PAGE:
Thyatira

Thyatira was an ancient Greek city, which was given its name by King Seleucus I Nicator during the Hellenistic era around 290 BC. The name of the city is said to mean “daughter” although it has been said the word was probably Lydian origin.

During the Roman era, 1st century AD, the city was famous for its colouring and dye and was the main exporter of purple cloth. Due to the master dyers being in the city, many guilds were created for this trade and other artisans joined and added their guilds to the list including wool-workers, leather workers, potters, bakers as well as many others.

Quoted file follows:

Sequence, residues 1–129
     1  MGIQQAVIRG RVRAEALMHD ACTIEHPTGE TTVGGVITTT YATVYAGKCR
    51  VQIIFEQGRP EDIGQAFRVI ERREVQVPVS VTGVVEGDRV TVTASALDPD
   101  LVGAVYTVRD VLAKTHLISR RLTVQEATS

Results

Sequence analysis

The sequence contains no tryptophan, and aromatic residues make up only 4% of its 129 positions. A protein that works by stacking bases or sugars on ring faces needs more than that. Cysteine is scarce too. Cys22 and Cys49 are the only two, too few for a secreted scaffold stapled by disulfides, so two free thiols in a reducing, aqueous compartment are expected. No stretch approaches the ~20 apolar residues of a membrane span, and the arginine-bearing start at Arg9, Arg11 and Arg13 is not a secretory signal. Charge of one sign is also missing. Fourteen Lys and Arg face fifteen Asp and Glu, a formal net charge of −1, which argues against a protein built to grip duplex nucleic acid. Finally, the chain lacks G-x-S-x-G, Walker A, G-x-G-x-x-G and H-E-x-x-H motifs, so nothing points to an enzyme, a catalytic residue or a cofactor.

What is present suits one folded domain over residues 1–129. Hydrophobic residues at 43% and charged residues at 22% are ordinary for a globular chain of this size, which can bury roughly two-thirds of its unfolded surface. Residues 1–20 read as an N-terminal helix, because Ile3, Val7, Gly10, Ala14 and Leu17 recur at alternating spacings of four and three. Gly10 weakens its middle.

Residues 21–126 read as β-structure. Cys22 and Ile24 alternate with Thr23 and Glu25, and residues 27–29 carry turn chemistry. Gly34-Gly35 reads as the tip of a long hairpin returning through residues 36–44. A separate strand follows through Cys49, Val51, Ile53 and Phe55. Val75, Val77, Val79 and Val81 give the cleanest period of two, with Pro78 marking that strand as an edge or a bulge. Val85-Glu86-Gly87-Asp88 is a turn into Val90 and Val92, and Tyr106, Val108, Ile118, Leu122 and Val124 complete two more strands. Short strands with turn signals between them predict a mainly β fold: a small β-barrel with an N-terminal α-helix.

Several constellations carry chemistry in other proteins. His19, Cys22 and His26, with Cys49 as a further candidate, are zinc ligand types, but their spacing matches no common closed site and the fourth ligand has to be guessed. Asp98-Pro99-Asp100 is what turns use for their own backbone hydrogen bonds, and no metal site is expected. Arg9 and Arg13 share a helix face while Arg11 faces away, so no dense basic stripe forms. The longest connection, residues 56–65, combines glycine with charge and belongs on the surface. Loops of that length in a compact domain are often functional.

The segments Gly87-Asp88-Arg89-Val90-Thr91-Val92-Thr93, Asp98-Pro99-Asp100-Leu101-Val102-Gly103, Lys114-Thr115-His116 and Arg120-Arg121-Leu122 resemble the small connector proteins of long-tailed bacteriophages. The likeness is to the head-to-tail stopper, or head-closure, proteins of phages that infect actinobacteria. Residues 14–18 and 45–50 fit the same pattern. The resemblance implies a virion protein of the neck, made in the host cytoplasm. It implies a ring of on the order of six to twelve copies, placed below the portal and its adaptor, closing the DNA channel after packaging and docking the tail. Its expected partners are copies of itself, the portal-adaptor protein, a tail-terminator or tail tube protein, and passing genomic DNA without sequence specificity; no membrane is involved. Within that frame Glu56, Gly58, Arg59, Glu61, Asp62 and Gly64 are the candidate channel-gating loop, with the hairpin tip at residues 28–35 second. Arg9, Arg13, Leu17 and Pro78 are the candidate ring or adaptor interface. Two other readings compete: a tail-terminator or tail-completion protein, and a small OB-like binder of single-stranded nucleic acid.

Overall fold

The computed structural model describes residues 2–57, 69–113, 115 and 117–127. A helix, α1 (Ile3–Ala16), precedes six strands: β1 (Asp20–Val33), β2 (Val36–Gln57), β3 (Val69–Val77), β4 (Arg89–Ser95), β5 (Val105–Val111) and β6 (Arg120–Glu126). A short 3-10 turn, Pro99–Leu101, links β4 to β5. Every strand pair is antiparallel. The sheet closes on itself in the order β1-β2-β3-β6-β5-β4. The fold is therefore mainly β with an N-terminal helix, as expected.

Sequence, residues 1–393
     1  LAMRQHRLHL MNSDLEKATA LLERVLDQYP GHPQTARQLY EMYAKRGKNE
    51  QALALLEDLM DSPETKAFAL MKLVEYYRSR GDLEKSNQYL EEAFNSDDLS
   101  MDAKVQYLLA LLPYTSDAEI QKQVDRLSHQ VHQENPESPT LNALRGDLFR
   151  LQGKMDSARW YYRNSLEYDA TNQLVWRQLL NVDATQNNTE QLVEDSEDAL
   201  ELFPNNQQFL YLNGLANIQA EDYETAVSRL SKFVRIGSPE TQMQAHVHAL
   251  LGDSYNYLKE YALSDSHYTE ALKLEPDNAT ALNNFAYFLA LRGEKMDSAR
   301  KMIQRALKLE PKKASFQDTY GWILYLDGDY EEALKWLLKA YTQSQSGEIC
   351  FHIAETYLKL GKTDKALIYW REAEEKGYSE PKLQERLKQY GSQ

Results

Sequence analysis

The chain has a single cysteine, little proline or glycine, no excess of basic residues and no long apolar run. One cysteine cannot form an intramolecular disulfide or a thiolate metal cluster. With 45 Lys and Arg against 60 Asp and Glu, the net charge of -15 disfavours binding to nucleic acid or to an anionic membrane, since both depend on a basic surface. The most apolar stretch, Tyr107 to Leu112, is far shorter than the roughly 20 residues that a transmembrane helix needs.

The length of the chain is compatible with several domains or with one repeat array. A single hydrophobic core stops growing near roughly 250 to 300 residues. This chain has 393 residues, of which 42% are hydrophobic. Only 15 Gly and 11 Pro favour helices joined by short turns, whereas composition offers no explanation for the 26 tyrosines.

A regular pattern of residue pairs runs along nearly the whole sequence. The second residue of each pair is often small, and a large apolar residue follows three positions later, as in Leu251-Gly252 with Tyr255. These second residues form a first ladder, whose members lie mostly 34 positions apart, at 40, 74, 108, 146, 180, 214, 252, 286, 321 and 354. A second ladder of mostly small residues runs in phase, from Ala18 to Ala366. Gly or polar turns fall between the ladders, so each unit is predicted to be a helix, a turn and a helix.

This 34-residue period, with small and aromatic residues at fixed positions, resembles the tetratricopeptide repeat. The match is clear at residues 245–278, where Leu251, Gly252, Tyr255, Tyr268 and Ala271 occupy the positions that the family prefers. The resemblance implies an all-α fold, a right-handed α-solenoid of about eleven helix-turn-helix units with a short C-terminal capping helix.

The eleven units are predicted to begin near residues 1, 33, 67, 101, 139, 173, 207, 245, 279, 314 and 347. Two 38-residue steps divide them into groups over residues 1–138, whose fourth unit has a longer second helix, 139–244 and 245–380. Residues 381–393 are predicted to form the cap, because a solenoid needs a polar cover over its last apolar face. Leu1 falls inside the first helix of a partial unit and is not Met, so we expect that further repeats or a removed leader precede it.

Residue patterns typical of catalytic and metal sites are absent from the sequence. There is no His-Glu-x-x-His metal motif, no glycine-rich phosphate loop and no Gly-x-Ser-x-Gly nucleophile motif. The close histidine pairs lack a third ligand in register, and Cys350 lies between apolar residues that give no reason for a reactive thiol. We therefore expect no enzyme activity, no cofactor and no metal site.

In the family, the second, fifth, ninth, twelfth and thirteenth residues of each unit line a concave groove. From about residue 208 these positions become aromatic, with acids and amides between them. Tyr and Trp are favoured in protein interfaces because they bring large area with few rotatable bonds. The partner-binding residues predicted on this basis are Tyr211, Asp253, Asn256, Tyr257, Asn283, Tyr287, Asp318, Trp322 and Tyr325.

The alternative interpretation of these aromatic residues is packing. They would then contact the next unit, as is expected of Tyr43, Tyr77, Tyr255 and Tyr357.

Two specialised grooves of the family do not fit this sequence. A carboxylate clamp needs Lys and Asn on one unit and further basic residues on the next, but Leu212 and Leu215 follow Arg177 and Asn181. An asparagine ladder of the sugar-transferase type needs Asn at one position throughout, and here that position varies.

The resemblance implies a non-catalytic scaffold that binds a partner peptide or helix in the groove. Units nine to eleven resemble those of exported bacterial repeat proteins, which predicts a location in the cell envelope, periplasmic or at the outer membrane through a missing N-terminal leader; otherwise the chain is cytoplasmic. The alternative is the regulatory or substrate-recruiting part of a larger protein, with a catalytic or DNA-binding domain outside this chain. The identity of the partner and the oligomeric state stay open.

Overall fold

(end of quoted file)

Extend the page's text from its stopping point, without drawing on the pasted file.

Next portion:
During the early days of Christianity, the city of Thyatira played as being one the Seven Churches of the Book of Revelation.  The Apostle Paul and Silas stayed with a woman named as Lydia who came from Thyatira, who has lead to theologian saying he would have visited the city.

Today Thyatira resides in the city of Akhisar which remains a trade hub for the region, although now produces very different items such as olives and olive oil.

Related Destinations

Philadelphia Thyatira